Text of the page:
China presses nations to steer clear of Nobel award ceremony | World| Breaking news and perspectives from around the globe | DW | 10.12.2010
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China presses nations to steer clear of Nobel award ceremony

Nobel winner Liu Xiaobo's seat won't be the only empty one on Friday when the prizes are awarded in Oslo. After pressure from China, 20 nations have said they won't be attending the ceremony.

Pro-democracy protesters hold the picture of Chinese dissident Liu Xiaobo with Chinese words reading: 'Nobel Peace prize winner held in Jail is China's shame

Liu won't be in attendance at the Nobel Peace Prize ceremony

A total of 65 countries have embassies in the Norwegian capital of Oslo and recently they've all received the same two pieces of mail.

An invitation from the Nobel Prize committee to attend the award ceremony for the 2011 Nobel winners and a letter from the Chinese Embassy requesting they steer clear of the event.

"We have noticed that the Chinese are very engaged this year," said Geir Lundestad, director of the Nobel Institute. "They want as few nations as possible to accept the invitation. Now we'll see who does not come for political reasons and who have other reasons."

The Nobel Committee has said 44 nations will be sending envoys to the ceremony, including EU member states, the United States, Japan, India, South Korea, South Africa, Indonesia and Brazil.

Political, social motives

An empty chair in front of a red wall

At the ceremony, 20 countries will have empty chairs

But another 20 countries have said they will not be in attendance. Serbia cited its interest in maintaining good relations with China for its absence, but other countries, including Russia, are offering other reasons. Moscow has said scheduling difficulties - not political considerations - were keeping it away.

But the scheduling conflicts veil Russia's political motive not to attend, according to Sergei Lukashevsky, the head of Moscow's Sakharov Museum.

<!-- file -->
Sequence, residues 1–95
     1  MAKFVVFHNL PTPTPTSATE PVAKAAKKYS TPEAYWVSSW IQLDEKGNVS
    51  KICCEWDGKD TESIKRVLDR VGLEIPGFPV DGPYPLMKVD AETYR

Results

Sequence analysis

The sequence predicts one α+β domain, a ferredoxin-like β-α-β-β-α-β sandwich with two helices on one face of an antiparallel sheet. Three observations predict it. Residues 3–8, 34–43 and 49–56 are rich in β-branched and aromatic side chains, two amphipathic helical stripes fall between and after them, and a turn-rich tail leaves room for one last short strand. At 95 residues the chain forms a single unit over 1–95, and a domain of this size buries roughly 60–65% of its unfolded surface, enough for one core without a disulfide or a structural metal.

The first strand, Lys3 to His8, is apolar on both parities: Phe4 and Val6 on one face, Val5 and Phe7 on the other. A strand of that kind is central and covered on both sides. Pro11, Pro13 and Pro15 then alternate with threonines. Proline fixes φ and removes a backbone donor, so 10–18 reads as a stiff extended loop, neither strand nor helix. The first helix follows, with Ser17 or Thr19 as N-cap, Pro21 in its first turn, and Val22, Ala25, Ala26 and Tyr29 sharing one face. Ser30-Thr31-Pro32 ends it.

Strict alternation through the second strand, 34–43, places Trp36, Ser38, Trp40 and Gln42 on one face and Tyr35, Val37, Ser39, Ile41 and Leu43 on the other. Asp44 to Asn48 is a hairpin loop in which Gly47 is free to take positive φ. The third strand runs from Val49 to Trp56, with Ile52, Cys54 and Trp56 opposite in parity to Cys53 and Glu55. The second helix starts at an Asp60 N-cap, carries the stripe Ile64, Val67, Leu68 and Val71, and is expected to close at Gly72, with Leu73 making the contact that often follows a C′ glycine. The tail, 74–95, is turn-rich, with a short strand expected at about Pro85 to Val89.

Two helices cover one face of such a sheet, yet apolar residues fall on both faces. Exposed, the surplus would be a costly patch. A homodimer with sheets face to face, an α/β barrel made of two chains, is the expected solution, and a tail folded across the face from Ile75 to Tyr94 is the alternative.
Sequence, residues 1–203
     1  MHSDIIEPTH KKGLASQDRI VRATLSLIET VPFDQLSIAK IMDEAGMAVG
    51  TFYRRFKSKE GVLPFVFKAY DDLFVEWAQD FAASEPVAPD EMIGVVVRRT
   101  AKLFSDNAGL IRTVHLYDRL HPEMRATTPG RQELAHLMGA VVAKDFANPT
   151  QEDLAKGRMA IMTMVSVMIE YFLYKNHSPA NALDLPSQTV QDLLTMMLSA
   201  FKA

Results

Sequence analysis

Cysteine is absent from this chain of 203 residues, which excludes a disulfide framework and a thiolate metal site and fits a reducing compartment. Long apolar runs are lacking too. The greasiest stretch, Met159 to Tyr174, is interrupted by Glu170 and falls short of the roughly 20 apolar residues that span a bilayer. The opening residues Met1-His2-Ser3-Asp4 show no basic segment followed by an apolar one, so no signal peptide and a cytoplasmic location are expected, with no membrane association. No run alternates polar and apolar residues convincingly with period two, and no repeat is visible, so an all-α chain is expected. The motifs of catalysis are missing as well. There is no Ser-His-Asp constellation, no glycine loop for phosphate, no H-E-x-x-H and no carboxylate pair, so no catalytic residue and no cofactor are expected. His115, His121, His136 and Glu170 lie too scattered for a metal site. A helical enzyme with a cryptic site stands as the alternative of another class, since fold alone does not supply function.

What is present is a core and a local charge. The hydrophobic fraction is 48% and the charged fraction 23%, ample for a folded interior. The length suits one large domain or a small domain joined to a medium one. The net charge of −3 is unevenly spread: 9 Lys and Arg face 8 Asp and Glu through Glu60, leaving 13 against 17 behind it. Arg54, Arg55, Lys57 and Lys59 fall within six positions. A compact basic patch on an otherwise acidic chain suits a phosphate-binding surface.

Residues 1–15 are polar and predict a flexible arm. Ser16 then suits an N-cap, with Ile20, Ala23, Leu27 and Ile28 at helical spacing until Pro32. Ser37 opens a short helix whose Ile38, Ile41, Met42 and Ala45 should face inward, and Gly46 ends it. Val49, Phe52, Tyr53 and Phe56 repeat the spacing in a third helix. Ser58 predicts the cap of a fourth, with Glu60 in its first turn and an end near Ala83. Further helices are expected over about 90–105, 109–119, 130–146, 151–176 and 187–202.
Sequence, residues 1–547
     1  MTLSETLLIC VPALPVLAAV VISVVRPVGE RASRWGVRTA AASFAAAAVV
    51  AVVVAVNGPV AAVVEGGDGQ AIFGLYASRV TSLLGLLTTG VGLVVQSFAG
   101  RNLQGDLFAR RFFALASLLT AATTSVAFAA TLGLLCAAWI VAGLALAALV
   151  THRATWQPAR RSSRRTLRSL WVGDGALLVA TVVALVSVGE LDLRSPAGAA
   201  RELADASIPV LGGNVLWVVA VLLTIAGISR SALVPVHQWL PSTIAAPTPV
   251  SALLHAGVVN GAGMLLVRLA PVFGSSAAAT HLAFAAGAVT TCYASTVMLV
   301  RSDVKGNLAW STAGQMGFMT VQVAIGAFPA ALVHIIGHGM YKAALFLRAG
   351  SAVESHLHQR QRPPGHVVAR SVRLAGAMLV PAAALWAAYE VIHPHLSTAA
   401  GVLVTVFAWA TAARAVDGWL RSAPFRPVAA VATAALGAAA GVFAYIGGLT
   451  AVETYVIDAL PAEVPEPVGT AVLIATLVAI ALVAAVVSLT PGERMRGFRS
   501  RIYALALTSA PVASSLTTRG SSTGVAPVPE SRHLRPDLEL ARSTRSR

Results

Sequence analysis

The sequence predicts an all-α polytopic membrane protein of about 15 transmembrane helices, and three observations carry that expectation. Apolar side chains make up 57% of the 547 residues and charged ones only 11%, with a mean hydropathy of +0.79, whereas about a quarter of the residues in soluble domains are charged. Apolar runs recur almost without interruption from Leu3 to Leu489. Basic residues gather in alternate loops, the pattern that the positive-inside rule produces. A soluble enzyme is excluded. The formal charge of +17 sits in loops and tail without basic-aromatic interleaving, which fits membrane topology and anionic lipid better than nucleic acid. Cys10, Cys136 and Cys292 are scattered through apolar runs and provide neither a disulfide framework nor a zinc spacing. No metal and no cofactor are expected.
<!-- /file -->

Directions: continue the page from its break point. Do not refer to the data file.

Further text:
"That Russia is not participating in the Nobel Peace Prize's award ceremony once again makes it clear that human rights do not play a prominent role in our foreign policy," he said.

"Russia and China are members of the Shanghai Organization for Cooperation and one of its goals is the fight against so-called extremism," Lukashevsky added. "What that really means is that the countries support each other when it comes to fighting uncomfortable political situations.

Several countries in the Middle East as well as Afghanistan, Pakistan and the Philippines are also avoiding the ceremony because for economic and political reasons, according to Rainer Sollich, head of Deutsche Welle's Arabic department.

"They are all states that have problems concerning human rights and operate under the understanding that they wouldn't want China at a ceremony honoring someone they view as an opponent of their regime."

China's Confucius prize

China's policy regarding the award ceremony and the still-imprisoned dissident Liu has been clear. Referring to the Nobel Committee, Chinese Foreign Ministry spokeswoman Jiang Yu said, "We will not change because of interference by a few clowns."

Beijing awarded its own version of the Nobel Peace Prize on Thursday by giving the "Confucius Peace Prize" to former Taiwan vice-president Lien Chan. Like with Liu's Nobel, Chan was not in attendance to claim the award and his office said he was unaware of the prize.

China has blocked access to the website of Norwegian broadcaster NRK, the station said on Thursday. Access to the BBC and CNN has also been affected ahead of Friday's ceremony, according to NRK.

Conspicuous absence

Activists at a protest in support of Liu in China

More protests in support of Liu are scheduled for Thursday

Friday will mark only the second time in the more than 100-year history of the prize that neither the laureate nor a representative will be able to come accept the award. German journalist and pacifist Carl von Ossietzky, who was locked up in a Nazi concentration camp, could not travel to Oslo for his prize ceremony in 1936.

In addition to Liu and Ossietzky, Myanmar's Aung San Suu Kyi was also barred from receiving her Nobel Peace Prize in 1991.

Liu has long been an outspoken opponent of Chinese leadership in Beijing and was at the forefront of the 1989 Tiananmen Square protests. He was jailed in December 2009 for 11 years on subversion charges after co-authoring "Charter 08," a manifesto that called for political reform in China.

Nobel officials said an empty chair would be used to represent Liu's absence.

The 20 nations which will not attend the Nobel ceremony are: Afghanistan, China, Colombia, Cuba, Egypt, Iran, Iraq, Kazakhstan, Morocco, Pakistan, the Philippines, Russia, Saudi Arabia, Serbia, Sri Lanka, Sudan, Tunisia, Ukraine, Venezuela and Vietnam.

Authors: Matthias von Hein, Jegor Winogradow / sms (AFP)

Editor: Jennifer Abramsohn

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